I started playing competitive chess very late by today’s standards—I was in my ninth standard at school. Till then, I was enthusiastic about football (I even played in the district league at Coimbatore)and was on the school basketball team and Kabaddi team. By that time, I was also quite proficient in Tamil elocution—I wrote and directed my own Tamil plays and acted in All India Radio plays. But then chess came like a whirlwind and swept me off my feet.
I was fortunate to be a board boy at the 1984 Asian Junior Chess Championship, which was held in my own school at Coimbatore. Vishy Anand was a participant and my adoration for him started that day and has continued ever since. I was lucky to qualify and play at the National Junior Championship at Nagpur in 1985, where Anand was the favorite to win the title, although the ultimate winner was IM Neeraj Mishra. Anand then became the first Grandmaster (GM) of India during the Sakthi Finance GM tournament at Coimbatore in 1988. Once again, I was fortunate to be a board boy there. Just recently, in February 2019, I sat next to him at a two-day workshop for children in Pune and I still couldn’t help being fascinated by his genius.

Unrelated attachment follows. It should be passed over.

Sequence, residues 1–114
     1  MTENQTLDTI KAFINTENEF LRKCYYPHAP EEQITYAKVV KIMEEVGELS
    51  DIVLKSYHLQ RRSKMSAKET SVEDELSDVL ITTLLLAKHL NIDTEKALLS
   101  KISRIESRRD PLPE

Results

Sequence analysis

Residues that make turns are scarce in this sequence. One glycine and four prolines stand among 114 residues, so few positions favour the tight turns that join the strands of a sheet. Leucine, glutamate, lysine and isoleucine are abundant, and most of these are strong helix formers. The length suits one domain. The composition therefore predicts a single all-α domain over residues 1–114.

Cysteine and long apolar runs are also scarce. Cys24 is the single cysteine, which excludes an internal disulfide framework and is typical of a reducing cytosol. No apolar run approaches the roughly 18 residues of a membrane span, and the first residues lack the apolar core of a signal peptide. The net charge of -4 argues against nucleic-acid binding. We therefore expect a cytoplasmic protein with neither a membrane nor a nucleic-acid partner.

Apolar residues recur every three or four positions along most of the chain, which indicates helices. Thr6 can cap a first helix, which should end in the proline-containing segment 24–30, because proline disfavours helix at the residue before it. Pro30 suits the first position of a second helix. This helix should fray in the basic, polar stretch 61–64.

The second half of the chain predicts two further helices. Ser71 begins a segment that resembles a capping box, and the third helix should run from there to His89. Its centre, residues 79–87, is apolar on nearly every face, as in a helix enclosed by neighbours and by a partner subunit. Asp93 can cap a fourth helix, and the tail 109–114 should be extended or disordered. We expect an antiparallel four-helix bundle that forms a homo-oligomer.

Two other people who were deeply influential to me were GM Praveen Thipsay and IM Varugeese Koshy. They were simply brilliant in the art of chess analysis and disciplined to the core. Because we were close friends, they taught me how to properly analyze games. In a time of no coaches or sufficient books, such interactions were the main sources for developing my chess.
Was there an Indian chess magazine at that time? What was your first chess book?
There was Chess Mate, published by India’s first IM Manuel Aaron, but it wasn’t a comprehensive magazine for world chess. The first books I bought were the unromantic Batsford Chess Openings by Garry Kasparov and Raymond Keene, and Chess Informant 39—I naively believed that opening preparation was the key to progress. The first book I read properly was Garry Kasparov’s Fighting Chess, and I was mesmerized by it. The hero worship I developed for him lasted decades, and my admiration continues to this day. I even found a reason to go all the way to St. Louis when Kasparov announced his return to chess for a single tournament and faced Anand over the board at the 2017 Saint Louis Rapid & Blitz.